April 12 (UPI) -- Researchers at the University of Michigan have developed a new assessment tool for use in the ER to predict a patient's risk of future gun violence.
"Firearm violence is a public health problem," Dr. Jason Goldstick, an assistant professor of research in emergency medicine at the University of Michigan, said in a press release. "At-risk youth may not have many ways to connect to violence-prevention services. This means the emergency department is a critical access point for identifying youth that are most at risk and intervening to hopefully decrease their risk of future firearm violence."
Goldstick and his team created a clinical risk index tool to allow doctors to gauge gun violence risk among urban youth who come into the ER.
Previous screening tools for youth violence were focused on primary care settings, lacked a specific focus on gun violence and were too lengthy for practical use in an ER setting, Goldstick said.
Researchers analyzed data from the Flint Youth Injury study, a two-year cohort of patients ages 14 to 24 who reported drug use in the previous six months and sought care at a Level 1 trauma center in Flint, Mich., comparing patients who were injured in assaults to those seen for other reasons.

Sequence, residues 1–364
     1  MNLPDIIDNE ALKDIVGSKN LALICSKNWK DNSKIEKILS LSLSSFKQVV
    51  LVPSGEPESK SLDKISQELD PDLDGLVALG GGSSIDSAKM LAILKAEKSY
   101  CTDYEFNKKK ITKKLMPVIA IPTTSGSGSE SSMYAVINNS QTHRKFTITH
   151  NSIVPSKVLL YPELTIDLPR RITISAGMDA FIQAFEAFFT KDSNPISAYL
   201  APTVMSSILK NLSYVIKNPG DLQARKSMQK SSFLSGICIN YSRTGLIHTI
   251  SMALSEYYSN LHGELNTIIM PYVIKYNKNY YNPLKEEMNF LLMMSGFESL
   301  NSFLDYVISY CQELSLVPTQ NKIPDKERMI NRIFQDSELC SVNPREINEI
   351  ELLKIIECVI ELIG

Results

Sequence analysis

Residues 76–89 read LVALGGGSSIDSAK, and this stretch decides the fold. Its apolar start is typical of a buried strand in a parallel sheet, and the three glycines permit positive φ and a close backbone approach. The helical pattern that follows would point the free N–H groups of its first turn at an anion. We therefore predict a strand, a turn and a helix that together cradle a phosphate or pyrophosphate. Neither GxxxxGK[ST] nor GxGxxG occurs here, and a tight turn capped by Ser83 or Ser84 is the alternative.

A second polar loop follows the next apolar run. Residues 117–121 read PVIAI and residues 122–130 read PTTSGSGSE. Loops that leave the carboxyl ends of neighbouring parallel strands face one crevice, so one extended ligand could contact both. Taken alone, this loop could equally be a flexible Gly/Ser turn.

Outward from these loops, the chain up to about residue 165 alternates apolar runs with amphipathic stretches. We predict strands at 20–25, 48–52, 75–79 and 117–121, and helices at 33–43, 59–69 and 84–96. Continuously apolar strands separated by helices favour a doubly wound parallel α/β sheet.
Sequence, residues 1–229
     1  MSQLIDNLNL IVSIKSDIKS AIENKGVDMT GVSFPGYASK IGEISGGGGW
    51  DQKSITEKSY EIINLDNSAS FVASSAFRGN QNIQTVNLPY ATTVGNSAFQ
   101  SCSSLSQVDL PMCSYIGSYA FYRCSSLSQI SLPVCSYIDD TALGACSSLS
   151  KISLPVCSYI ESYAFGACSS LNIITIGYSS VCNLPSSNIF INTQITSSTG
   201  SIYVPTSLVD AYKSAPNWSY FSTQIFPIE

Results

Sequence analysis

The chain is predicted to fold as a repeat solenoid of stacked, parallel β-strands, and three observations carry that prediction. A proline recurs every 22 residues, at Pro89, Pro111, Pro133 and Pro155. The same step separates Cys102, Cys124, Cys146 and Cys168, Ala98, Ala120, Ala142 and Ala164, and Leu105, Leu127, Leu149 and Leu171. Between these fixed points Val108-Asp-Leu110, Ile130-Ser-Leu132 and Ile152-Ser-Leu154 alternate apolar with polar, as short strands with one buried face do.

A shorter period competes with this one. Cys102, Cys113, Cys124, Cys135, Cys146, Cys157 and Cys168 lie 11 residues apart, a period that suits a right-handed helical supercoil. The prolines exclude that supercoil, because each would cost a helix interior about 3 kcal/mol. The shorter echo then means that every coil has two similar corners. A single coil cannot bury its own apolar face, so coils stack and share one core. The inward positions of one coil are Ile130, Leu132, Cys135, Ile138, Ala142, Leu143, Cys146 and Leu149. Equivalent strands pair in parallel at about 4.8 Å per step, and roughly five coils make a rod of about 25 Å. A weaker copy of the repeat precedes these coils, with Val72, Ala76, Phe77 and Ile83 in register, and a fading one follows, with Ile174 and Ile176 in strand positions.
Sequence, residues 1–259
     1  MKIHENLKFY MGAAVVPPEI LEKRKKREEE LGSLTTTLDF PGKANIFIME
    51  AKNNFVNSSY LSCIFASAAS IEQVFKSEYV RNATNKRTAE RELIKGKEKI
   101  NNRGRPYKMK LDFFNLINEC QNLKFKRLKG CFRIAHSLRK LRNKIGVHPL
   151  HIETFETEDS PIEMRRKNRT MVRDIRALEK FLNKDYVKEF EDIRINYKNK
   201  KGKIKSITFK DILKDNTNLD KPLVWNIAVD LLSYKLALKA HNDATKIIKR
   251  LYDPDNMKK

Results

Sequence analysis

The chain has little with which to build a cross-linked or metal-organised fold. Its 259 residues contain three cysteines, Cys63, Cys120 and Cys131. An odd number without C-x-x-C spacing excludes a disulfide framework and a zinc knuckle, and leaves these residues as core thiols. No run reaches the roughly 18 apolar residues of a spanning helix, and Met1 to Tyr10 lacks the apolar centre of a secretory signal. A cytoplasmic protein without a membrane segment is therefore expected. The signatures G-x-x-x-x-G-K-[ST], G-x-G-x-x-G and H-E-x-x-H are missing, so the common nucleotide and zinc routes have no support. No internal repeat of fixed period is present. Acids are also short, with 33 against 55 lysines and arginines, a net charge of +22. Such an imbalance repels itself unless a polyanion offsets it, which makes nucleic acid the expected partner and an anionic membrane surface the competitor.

The Flint Youth Injury study was a self-reported survey of 115 questions about violence involving partners and peers, community violence exposure, alcohol and drug use and peer influences taken by 599 youth.
Researchers identified 483 youth that could be classified as being involved with gun violence during the study's six-, 12-, 18- and 24-month follow-up periods.
"We randomly split the data into a training set and a validation set with prevalence of firearm violence equivalent in each," Goldstick said. "Using only training data, we used a machine-learning classification approach to identify the most predictive factors for future firearm violence. Those factors fell predominantly into four domains: peer and partner violence victimization, community violence exposure, peer/family influences and fighting."
From that researchers created a 10-point score called SaFETy, which stands for Serious fighting, Friend weapon-carrying, community Environment and firearm Threats.
"Before this tool, there was no way to gauge risk of future firearm violence," Goldstick said. "We know that someone presenting to the emergency department with a violent injury is at elevated risk, but the SaFETy score shows superior predictive power than just knowing they were treated for a violent injury."
The study was published in the Annals of Internal Medicine